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Meet the Columnist: Brandon Fralic, Brews & Spirits guru

Blazing a path to a barstool near you

By Brandon Fralic CDN Contributor

When launching a new column on the regional beer and spirits scene, one should venture out and actually visit some local watering holes. Also ideally sample new brews, chat up the bartender for industry news and the like.

But this being 2022, I haven’t visited a single drinking establishment yet this year. Thanks a lot, omicron. Instead of sitting on a barstool, I’ve been sitting on my couch drinking Kulshan Coconut Kitten Mittens, obsessing over Wordle, and scrolling social media for news and entertainment.

Much uncertainty remains as we enter another pandemic year. As I’m writing this, several breweries and restaurants remain temporarily closed in our region due to rising COVID-19 cases. Despite this ongoing hardship, our local beer industry continues to grow. 

Otherlands Beer (a personal favorite) opened in Bellingham in 2020, followed by Beach Cat Brewing in Birch Bay. Kulshan Brewing opened its third Bellingham location, the seasonal Trackside Beer Garden, during summer 2021. These resilient new businesses are open today because of hard work and strong community support — continued support they need to survive.

Looking ahead, Whatcom County will welcome at least two new breweries in 2022. El Sueñito Brewing Company & Frelard Tamales aims for a spring/summer 2022 opening in Bellingham’s Sunnyland neighborhood. Darach Brewing will open in the former Firefly/Green Frog space on State Street in summer/fall. And Mount Vernon’s District Brewing plans to eventually open a taproom location in Ferndale. I look forward to welcoming all of these businesses soon.

But first, an introduction. This column will focus on brewery and distillery news in Whatcom County and the surrounding areas — including Skagit County and the San Juan Islands. Whatcom County is now home to 16 breweries (an ever-evolving number) and Skagit isn’t far behind. Distilleries dot the map from Everson to Edison and Eastsound.

I aim to write about beer and spirits in an approachable way for the average imbiber. I consider myself a beer enthusiast — not a snobby expert. More of a promoter than a critic. So relax, breweries — I won’t be overanalyzing your beers or handing out letter grades. Style-wise, I’ll try just about anything from hazy and West Coast IPAs to funky, sour, barrel-aged brews. These days, I prefer lower alcohol by volume session beers to boozy imperial stouts and triple IPAs. I have a soft spot for saisons.

Admittedly, I’m less familiar with the spirits world, so feel free to correct me if I misspell “whisky.” That said, I enjoy the occasional cocktail and look forward to learning more about local distilleries in the coming year.

So how’d I end up here? I grew up in the Skagit Valley before moving to Bellingham to attend Western Washington University in 2006. My Skagit roots remain strong — I steer my Subaru southbound most weeks to visit family and friends (shout-out to my Skagitonians!).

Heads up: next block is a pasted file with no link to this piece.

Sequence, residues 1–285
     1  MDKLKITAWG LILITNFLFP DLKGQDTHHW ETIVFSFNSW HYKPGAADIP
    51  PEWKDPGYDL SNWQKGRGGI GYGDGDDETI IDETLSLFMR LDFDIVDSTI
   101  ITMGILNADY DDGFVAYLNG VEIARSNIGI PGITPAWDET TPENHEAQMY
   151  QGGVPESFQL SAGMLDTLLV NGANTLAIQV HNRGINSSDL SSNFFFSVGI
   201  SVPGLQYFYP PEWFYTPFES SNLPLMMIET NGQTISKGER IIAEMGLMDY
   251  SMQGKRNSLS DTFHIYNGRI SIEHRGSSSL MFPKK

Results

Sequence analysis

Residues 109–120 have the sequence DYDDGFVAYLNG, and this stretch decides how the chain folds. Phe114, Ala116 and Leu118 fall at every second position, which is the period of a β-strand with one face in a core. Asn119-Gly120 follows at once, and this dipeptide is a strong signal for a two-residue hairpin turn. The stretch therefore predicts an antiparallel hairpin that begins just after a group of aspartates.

When I graduated from Western in 2009, Bellingham had two breweries — Boundary Bay and Chuckanut. Whispers of an enterprising third brewery were met with a mix of excitement and doubt. Could Bellingham really support another brewery? The answer, of course, turned out to be a resounding “yes.” Since Kulshan Brewing opened in 2012, a dozen or so breweries have popped up around town. I can’t think of a time when there wasn’t talk of a “new brewery coming to Bellingham” ever since.

I started writing about beer in 2013, when my partner, Rachel, and I kicked off our “trails and ales” blog, Beers at the Bottom. We spent our free time hiking and drinking beer, so why not blog about it? We set up a website, hiked to the top of Oyster Dome for our first “research trip,” and ran back down the trail to reach Boundary Bay in time for $2 happy hour mac n’ cheese. One thing led to another, and we eventually received our first print magazine assignment: a “Boots and Brews” feature in Washington Trails Magazine. That byline provided some street cred, and soon I was pitching beer & hiking stories to magazines and websites across Cascadia as an aspiring travel writer.

In 2016, we were offered our first book deal and began researching Beer Hiking Pacific Northwest. We paired 50 hikes with breweries in Washington, Oregon and British Columbia, knocking out most of the research and writing in a four-month road trip frenzy. After this crash course in beer writing, I became Bellingham Tourism’s craft beer blogger — a regular monthly gig for over four years.

The pandemic took its toll on many local businesses, including mine. Budgets tightened, magazines folded and travel writers were suddenly out of a job. I’m excited to get back to work with a weekly column in Cascadia Daily News and look forward to what 2022 has in store. Cheers!

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